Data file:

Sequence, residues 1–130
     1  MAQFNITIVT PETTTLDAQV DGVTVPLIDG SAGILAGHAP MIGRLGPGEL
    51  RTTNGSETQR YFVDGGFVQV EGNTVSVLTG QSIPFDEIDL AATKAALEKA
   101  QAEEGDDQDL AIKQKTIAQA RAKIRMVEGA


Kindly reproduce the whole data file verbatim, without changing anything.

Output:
Sequence, residues 1–130
     1  MAQFNITIVT PETTTLDAQV DGVTVPLIDG SAGILAGHAP MIGRLGPGEL
    51  RTTNGSETQR YFVDGGFVQV EGNTVSVLTG QSIPFDEIDL AATKAALEKA
   101  QAEEGDDQDL AIKQKTIAQA RAKIRMVEGA